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Walter Russell

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[Beauty is] "Perfection of rhythm, balanced perfection of rhythm. Everything in Nature is expressed by rhythmic waves of light. Every thought and action is a light-wave of thought and action. If one interprets the God within one, one’s thoughts and actions must be balanced rhythmic waves. Ugliness, fears, failures and diseases arise from unbalanced thoughts and actions. Therefore think beauty always if one desire vitality of body and happiness."

Walter Russell

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The harmony of music exists equally with the harmony of movement in nature.
Man has not invented the harmony of music. It is one of the underlying principles of life. Neither could the harmony of movement be invented: it is essential to draw one’s conception of it from Nature herself, and to see the rhythm of human movement from the rhythm of water in motion, from the blowing of the winds on the world, in all the earth’s movements, in the motions of animals, fish, birds, reptiles, and even in primitive man, whose body still moved in harmony with nature…..All the movements of the earth follow the lines of wave motion. Both sound and light travel in waves. The motion of water, winds, trees and plants progresses in waves. The flight of a bird and the movements of all animals follow lines like undulating waves. If then one seeks a point of physical beginning for the movement of the human body, there is a clue in the undulating motion of the wave.

Isadora Duncan

The relation of thought to action filled my mind on waking, and I found myself carried toward a bizarre formula, which seems to have something of the night still clinging about it: Action is but coarsened thought; thought become concrete, obscure, and unconscious. It seemed to me that our most trifling actions, of eating, walking, and sleeping, were the condensation of a multitude of truths and thoughts, and that the wealth of ideas involved was in direct proportion to the commonness of the action (as our dreams are the more active, the deeper our sleep). We are hemmed round with mystery, and the greatest mysteries are contained in what we see and do every day. In all spontaneity the work of creation is reproduced in analogy. When the spontaneity is unconscious, you have simple action; when it is conscious, intelligent and moral action.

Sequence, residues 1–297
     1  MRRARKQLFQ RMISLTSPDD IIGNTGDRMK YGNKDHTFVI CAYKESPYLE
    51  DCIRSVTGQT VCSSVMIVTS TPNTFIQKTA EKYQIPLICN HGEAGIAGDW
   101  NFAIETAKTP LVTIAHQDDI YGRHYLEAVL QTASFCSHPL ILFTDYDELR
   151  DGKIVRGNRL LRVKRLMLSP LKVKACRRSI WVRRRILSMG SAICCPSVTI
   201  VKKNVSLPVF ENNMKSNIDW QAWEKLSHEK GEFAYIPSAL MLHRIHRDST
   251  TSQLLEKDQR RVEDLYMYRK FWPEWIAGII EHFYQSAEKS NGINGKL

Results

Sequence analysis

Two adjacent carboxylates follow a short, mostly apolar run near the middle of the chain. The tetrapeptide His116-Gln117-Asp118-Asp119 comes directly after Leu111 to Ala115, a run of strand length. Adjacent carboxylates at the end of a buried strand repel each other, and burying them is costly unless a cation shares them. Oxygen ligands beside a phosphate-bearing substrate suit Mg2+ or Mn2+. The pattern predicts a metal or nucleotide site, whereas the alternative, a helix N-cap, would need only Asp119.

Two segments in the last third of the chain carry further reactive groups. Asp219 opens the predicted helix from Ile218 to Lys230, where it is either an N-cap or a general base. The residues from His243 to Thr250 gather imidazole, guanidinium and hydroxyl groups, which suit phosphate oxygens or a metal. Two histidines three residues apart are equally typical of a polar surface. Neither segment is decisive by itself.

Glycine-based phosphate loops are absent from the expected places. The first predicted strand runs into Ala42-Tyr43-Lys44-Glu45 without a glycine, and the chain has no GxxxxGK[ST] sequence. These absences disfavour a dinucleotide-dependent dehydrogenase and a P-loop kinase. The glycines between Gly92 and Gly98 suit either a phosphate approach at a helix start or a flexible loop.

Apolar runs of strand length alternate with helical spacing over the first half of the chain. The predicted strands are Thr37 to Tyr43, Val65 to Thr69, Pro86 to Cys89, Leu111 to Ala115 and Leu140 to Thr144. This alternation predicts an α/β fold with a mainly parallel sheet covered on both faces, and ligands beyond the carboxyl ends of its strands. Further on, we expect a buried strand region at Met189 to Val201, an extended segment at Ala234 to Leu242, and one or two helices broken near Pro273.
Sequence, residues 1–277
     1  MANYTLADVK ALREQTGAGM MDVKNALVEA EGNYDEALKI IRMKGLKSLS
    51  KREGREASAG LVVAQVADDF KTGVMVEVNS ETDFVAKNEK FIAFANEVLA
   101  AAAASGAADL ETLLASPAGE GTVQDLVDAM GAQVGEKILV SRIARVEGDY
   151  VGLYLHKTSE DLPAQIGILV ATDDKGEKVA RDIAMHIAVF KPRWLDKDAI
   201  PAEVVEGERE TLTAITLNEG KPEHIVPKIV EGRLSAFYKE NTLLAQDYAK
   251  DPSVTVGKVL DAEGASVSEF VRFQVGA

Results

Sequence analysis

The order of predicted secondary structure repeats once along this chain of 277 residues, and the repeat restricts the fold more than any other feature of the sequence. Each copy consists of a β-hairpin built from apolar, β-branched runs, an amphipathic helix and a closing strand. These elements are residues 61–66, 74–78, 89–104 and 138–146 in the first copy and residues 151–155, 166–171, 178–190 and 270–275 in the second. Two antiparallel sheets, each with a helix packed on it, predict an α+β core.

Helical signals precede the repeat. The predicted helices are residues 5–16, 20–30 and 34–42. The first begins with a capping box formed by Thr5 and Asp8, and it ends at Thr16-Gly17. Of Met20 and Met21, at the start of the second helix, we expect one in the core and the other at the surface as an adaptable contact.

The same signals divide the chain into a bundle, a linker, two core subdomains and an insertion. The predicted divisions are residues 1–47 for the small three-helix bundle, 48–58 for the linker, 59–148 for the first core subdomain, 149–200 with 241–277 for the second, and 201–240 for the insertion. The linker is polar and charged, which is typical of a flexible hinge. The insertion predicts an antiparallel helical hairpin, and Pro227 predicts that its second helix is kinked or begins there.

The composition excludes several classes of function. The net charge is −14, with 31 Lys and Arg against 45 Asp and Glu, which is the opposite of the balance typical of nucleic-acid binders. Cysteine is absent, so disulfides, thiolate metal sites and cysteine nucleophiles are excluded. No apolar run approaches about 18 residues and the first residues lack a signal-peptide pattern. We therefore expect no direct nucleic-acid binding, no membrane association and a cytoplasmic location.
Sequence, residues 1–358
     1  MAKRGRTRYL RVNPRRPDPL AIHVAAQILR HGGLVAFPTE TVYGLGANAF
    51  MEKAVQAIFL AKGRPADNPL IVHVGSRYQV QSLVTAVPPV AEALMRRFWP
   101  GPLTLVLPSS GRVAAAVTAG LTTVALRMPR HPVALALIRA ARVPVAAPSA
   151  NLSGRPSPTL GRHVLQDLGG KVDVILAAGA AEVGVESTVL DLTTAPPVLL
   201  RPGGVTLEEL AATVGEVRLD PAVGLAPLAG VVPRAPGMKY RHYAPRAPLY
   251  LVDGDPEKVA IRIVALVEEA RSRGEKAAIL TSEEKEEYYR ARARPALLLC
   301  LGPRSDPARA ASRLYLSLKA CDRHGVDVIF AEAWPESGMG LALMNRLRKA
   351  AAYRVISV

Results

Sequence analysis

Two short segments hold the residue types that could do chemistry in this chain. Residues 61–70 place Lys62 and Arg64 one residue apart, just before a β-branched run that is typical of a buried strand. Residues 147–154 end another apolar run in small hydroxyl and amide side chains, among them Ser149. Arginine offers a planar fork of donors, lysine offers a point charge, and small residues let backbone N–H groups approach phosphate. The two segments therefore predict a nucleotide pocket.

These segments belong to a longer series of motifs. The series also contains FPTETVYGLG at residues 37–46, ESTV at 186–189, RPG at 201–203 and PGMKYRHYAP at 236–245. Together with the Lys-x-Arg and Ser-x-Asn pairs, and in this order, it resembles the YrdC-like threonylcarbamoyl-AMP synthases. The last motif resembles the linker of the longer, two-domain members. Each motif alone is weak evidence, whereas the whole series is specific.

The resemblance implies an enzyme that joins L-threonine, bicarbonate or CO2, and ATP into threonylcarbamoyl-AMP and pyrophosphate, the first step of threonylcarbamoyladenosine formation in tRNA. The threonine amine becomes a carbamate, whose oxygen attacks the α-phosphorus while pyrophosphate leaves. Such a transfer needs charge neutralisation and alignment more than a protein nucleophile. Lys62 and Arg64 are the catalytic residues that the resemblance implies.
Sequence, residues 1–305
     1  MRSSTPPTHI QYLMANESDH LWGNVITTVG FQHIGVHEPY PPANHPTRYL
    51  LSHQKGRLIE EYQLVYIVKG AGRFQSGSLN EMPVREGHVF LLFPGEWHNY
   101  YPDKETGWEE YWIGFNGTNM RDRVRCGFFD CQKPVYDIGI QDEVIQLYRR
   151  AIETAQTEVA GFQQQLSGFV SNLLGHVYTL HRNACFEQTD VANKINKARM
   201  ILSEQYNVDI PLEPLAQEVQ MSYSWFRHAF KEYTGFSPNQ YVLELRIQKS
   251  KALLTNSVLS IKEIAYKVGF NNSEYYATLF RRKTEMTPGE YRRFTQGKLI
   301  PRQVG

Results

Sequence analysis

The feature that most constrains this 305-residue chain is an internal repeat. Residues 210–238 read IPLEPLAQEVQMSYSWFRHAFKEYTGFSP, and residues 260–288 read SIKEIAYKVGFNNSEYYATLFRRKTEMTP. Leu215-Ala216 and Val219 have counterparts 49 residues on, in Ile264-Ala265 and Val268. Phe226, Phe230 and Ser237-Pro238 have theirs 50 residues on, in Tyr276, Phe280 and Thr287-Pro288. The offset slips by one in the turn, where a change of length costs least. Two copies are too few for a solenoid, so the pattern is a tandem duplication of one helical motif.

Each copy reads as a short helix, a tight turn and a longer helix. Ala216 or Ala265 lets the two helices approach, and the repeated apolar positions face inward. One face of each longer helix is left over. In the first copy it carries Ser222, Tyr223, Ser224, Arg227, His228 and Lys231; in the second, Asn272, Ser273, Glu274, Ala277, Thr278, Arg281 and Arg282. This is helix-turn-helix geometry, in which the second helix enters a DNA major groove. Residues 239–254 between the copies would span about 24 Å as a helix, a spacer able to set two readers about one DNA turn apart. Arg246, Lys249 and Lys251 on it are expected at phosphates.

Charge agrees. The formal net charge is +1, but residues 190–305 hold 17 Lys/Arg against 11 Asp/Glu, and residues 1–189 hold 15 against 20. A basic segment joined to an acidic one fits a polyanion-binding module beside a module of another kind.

Henri-Frederic Amiel

It may be objected that brain waves, like any other waves, must obey physical laws. Therefore, transmission of thought must be easier or more certain the nearer the agent and recipient are to each other, and should die out altogether before great distances are reached. Also it can be urged that if brain waves diffuse in all directions they should affect all sensitives within their radius of action, instead of impressing only one brain. The electric telegraph is not a parallel case, for there a material wire intervenes to conduct and guide the energy to its destination.
These are weighty objections, but not, I think, insurmountable. Far be it from me to say anything disrespectful of the law of inverse squares, but I have already endeavored to show we are dealing with conditions removed from our material and limited conceptions of space, matter, form. Is it inconceivable that intense thought concentrated toward a sensitive with whom the thinker is in close sympathy may induce a telepathic chain of brain waves, along which the message of thought can go straight to its goal without loss of energy due to distance? And is it also inconceivable that our mundane ideas of space and distance may be superseded in these subtle regions of unsubstantial thought, where "near" and "far" may lose their usual meaning?

William Crookes

The spirit is the cause of all our thoughts and body-action, and everything, but it is untouched by good or evil, pleasure or pain, heat or cold, and all the dualism of nature, although it lends its light to everything.

Swami Vivekananda

"Fire is the first and final mask of my God. We dance and weep between two enormous pyres."
Our thoughts and our bodies flash and glitter with reflected light. Between the two pyres I stand serenely, my brain unshaken amid the vertigo, and I say:
"Time is most short and space most narrow between these two pyres, the rhythm of this life is most sluggish, and I have no time, nor a place to dance in. I cannot wait."
Then all at once the rhythm of the earth becomes a vertigo, time disappears, the moment whirls, becomes eternity, and every point in space — insect or star or idea — turns into dance.

Nikos Kazantzakis
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